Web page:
9. Not So NewReader*

    OP, you got two points right- you came on AAM and asked for help.
    (Seeking the advice of others, whose opinions you respect.)
    And you allowed us to see inside your experiences so that we in turn can learn.
    (Candor, openness, willingness to allow others to have the benefit of learning from how you handed your mistake.)

    Hang on to your boss’ words about heading for great things.

  10. Chaucer*

    Thanks for the update! One of my pet peeves is when people, in response to criticism, respond with “Nobody’s perfect!” or “You can’t judge me!” Yes, none of us are perfect, but that doesn’t excuse us to to perform detrimental actions.

    One of the best traits a person can have is the ability to take criticism and become better from it. You are that person, and it will serve you extremely well in the future.

  11. Katie the Fed*

    I absolutely love how you handled this criticism. Being receptive to criticism will get you really far.

    Well handled.

    We all screw up at times – how you respond is what sets you apart.

  12. Elsie*

    This is really great. We’ve all been there as far as perspective being off and behaving ridiculously, but it’s great that you put yourself out there and asked for advice on this blog because you had a chance to recognize it and learn from it. (Particularly since the truth hurts sometimes and commenters here sometimes deliver it harshly.) I’m sure your colleagues also appreciate your apology – something that doesn’t always happen in the workplace. I’m glad they responded graciously because it shows they’re willing to redirect you gently and understand that people make mistakes.

  13. Cynthia*

    Great followup. I love hearing from people who take feedback well. I work in an environment where open, direct and in-the-moment feedback is the norm. It can be tough sometimes, but I’ve learned what a valuable gift it is. It rarely embarrasses me anymore, because I now trust that it’s coming from a good place and my teammates and managers are helping me to be better and to get to the next level, professionally.

    OP: We all have some cringe-worthy moments in our careers, but you’ve demonstrated that you learn quickly, adapt and move on. And that’s a great thing to be known for.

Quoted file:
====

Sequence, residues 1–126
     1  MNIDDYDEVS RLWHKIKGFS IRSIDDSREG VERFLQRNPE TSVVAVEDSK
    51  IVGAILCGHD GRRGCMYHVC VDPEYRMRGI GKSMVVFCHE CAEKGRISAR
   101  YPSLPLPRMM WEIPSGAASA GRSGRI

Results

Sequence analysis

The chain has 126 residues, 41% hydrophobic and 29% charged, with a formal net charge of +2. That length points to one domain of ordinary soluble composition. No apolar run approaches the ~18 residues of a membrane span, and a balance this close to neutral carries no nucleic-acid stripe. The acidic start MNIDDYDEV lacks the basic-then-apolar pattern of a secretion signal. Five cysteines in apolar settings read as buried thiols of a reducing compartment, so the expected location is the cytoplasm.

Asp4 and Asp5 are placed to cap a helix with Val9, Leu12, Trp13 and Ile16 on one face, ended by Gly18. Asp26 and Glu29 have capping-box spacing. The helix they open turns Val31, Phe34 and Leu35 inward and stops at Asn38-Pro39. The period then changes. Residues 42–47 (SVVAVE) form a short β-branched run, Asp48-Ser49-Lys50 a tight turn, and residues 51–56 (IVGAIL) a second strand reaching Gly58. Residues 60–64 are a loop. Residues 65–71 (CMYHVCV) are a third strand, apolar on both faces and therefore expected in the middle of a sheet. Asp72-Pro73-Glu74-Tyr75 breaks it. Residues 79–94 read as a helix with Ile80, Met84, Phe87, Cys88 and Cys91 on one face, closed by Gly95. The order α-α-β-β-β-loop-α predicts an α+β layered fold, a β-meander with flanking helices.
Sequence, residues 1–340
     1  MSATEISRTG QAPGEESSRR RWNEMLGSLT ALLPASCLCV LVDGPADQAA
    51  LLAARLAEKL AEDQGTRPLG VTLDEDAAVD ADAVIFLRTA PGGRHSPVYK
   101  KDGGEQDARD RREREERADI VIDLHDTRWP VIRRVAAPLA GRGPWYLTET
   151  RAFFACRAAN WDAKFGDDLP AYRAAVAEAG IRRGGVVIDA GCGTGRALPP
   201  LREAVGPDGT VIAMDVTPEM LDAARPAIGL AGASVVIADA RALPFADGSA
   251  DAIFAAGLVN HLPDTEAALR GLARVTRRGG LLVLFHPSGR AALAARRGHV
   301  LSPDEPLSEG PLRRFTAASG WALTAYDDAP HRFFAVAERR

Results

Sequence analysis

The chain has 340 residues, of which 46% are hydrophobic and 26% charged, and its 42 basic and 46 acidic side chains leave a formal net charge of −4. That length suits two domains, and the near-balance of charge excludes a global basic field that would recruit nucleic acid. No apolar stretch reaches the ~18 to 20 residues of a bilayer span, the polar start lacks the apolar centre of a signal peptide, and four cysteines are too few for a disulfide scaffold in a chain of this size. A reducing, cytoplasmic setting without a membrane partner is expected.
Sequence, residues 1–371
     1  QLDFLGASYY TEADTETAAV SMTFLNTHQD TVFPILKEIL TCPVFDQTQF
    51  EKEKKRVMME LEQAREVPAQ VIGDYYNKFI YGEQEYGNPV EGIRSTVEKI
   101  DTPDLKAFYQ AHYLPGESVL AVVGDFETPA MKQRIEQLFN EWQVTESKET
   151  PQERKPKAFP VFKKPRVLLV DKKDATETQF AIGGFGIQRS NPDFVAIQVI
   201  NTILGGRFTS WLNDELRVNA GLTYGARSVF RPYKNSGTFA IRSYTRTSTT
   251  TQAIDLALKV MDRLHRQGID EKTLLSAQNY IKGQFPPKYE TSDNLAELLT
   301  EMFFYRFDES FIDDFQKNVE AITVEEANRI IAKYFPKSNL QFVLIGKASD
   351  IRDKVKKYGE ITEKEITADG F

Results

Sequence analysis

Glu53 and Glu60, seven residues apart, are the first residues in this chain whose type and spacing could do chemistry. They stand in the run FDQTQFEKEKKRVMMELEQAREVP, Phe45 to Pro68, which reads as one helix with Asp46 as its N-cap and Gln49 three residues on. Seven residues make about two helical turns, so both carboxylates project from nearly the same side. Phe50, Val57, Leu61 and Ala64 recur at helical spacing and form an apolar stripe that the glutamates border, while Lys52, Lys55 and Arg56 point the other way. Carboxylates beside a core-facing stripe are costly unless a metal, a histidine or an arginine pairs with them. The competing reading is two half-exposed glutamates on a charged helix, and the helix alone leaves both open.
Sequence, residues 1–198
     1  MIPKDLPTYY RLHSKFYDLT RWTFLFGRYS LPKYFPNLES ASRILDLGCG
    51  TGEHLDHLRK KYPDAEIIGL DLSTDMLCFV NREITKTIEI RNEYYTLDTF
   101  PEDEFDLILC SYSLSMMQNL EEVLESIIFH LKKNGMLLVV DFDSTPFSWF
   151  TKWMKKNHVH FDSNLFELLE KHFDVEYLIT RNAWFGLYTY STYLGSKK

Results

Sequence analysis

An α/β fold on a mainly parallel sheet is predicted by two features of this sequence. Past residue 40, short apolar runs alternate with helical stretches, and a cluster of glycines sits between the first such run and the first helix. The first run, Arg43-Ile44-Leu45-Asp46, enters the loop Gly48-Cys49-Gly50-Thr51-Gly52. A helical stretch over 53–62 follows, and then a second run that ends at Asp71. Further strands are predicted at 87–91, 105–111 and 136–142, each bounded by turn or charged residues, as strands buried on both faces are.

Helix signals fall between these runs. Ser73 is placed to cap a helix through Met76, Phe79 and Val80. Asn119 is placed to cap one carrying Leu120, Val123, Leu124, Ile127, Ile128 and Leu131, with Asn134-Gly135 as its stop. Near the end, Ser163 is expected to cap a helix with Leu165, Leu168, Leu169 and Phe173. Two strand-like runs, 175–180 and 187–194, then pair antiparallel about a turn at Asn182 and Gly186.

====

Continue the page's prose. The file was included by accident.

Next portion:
1. Z*

      AAM, should you post a “What was your most cringe-worthy career moment?” thread where we can all ‘fess up to the clueless things we did as youngsters?

      1. Cube Ninja*

        I have a really great one about that wherein I called out my departmental VP in front of the entire department on an issue related to payroll. Not my finest moment, but it worked out in the end.

      2. EM*

        Ugh. :/ :)

        I’m dipping my toes into the world of project management for the first time, and I feel like I’m doing cringe-worthy things constantly!

      3. Lily*

        I hope readers will also write about how they recovered from their cringe-worthy moments, hopefully without changing jobs!

  14. Steve G*

    Very strong of you for apologizing!

    Just one thing, about asking for a mentor. I don’t know what industry your in, but in my very stereotypical “businessman” culture, asking for a mentor would also come across very badly. It makes it look like your asking for help with your feelings as they pertain to work, or time outs to have “the way things work” conversations, or will need handholding as opposed to doing real work.

    Even if you meant “mentor” as someone you only talk business with and maybe even do extra work for to get extra experience, it may come across as described.

    Good luck!

    1. jesicka309*

      I too thought it was weird…. I thought being a mentor was something that just developed naturally? Not something you ask someone about?

      1. Ask a Manager* Post author

        Yeah, I’m not a big fan of formal mentoring requests, although some people do them. I tend to think the best mentoring relationships are ones that develop naturally (although you can certainly put effort into increasing the chances that one will).

    2. EM*

      Yeah, don’t ask someone to be a mentor explicitly. I think it’s a relationship that develops naturally. I actually have 2 people at my company who mentor me, in different ways. What’s really interesting is that one is several years younger than me, but is one of the most powerful people in our small company. (My excuse is that I’m about 5 years ‘behind’ my age-peers in work experience due to getting a graduate degree and staying home for a few years after my son was born.)

    3. Sonya*